Home » Road Bike » Cycle bags: carry your kit or repent at leisure, usually by the side of the road waiting for someone to pick you up

Cycle bags: carry your kit or repent at leisure, usually by the side of the road waiting for someone to pick you up

I’m not a mummy’s boy. Nope, not me. And it is very rare these days that my mum even dares tell me what to do. Bless her!

But there is one thing that recently she has nagged me about as if I were still in short trousers, and I have to admit that I still haven’t done anything about, and I think I’m on borrowed time. Punctures threaten and I need to sort out my cycle bag.  Leaving the repair kit in my plastic bike shed just ain’t gonna work, chuck!  It needs to be out on the road.

Ok, so I think I should get just that little bit broader here, I mean the kit that goes into cycle bags of whatever form they take, and what shape that bag will be. So that’s what I’m going to cover here. Let’s start with the shape.

Storage on the bike

When you’re a MAMIL there isn’t much space to hide anything. That’s why some bright spark years back put a whopping great pocket on the back of cycling jerseys – apart from on mine of course because yours truly forgot to look when he was buying his top and got a half size zip up. What a muppet.

That left me somewhat at a loose end when it came to needing to carry more with me than a tube of glucose tablets and jelly babies and my mobile phone. So at Christmas I got myself the smallest of the Camelbak range. I was looking for something that would be small enough to take with me when I went running with the dog (for poops…which I put in a small sandwich box. No sandwiches were harmed…you really wanted to know that didn’t you?). And I also wanted something into which I could stow an extra jumper, satnav and map, and an inner tube. Camelbak 2litre was ideal.

Of course, I still haven’t sorted out the inner tube, but the rest of it on my recent exploits has been great. The camelbak doesn’t shift around on the shoulders at all when riding, so I will be keeping this even when I move to a proper road bike.

For my tools I actually use an old compact camera case! It’s waterproof and I can fit a bike spanner, pliers, multi tool and multi-headed screwdriver tool without any problems. But of course, no space for the inner tube.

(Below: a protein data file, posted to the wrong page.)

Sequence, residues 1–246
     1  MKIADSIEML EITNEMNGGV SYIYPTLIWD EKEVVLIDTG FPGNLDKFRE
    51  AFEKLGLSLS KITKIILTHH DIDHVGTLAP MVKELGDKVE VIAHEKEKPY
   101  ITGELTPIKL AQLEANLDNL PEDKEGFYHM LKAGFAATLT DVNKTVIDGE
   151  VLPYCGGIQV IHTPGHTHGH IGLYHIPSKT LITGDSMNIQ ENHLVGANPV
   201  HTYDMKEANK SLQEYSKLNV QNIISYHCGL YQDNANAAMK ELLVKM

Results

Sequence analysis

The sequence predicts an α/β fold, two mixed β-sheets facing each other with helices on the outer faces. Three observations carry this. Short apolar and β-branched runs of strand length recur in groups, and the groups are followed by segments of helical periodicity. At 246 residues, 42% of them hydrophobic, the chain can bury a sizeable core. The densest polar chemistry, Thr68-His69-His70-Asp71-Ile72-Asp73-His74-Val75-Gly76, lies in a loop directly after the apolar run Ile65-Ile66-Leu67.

Cycle bags

Cycle bags are really kind of a bit generic. By that I mean that a cycle bag could be a pair of panniers, a saddle bag, or fit elsewhere – I personally like the ones that fit between cross bar and downtube in the V. So lets break it down into those areas.

Cycle Panniers

I used to have these when I was a teenager pounding between college and home everyday, the bags both stuffed with files and college books. I think that between them I was carrying 5-10Kg a day! The off putting thing was that as I rocked the bike up the hills the panniers would knock on the wheels! Bare in mind that if you want panniers then you’ll also have to buy a frame, and you will also want a full cycle mudguard as well to keep the bags dry. Depending on make, I also suggest a plastic bag inside to keep everything securely dry – not everything is as waterproof as claimed! The screws that hold the rack to the eyelets, often the same eyelets as the mudguards are fixed to, can also come loose, so it’s worth a regular check.

If you are carting a lot of kit around, then panniers are the way to go.

Saddle bag

Obviously they attach to the saddle (duh!) but the way they attach is variable. The simplest and lightest just hang under the saddle, perhaps a strap around the post for stability usually using velcro. One or two models have mounting clips, which are quite novel but I don’t think that it either adds or detracts from the basic velcro fastenings.

You’ll be hard pushed to find a leather saddle bag like we used to love styled as a miniature satchel attaching flat to the saddle rear. Mine was white I recall back in the 70’s, (don’t be fooled asos leather saddle bags are not assos!). Check out on ebay, or be prepared to pay through the nose. If you are going for a leather bag then you need the double eyelets that used to be on the back of all saddles, so again, check the more traditional bike models.

Unless you are a traditionalist then stick with modern fabrics. The range at wiggle won’t be a bad choice at all, but I personally think that you should go into a bike shop and have a look at what size you want.

The alternative is the frame mounted bike bag. I love the idea, but to be honest I’m not sure it would work for me because I’ve noticed of late that as my thigh muscles develop the natural fall of my feet and knees tends inwards. Occasionally I brush the cross bar with my thighs, so anything else that could get in the way might be a problem, but I might still give it a try. Halfords stocks the kind of bag I’m talking about here: small and neat for around £10. Not the one’s at Psyche which in my opinion are a little too big and could end up with some serious inner thigh rubbing issues.

Sizing

Gather together the kit you need (see below) and take a note of the volume it takes up. Or alternatively ask the shop before you go if you can bring your stuff with you! Then it’s simply a matter of seeing what size fits. Do be kind though, buy from your local store if you are going to try out their sizing.

So what goes into a cycle bag?

  • Micro-pump or CO2 pump
  • Spare inner tube in a sock
  • Repair kit (in case the spare has a problem!)
  • Multi-tool
  • Bike spanner

It’s probably also worth saying here what doesn’t go into a saddle bag, and that would be chewy bars, maps, phone, and perhaps you could get away with a smaller bag and put the inner tube and pump in your jersey pocket, or get a camelbak.

 

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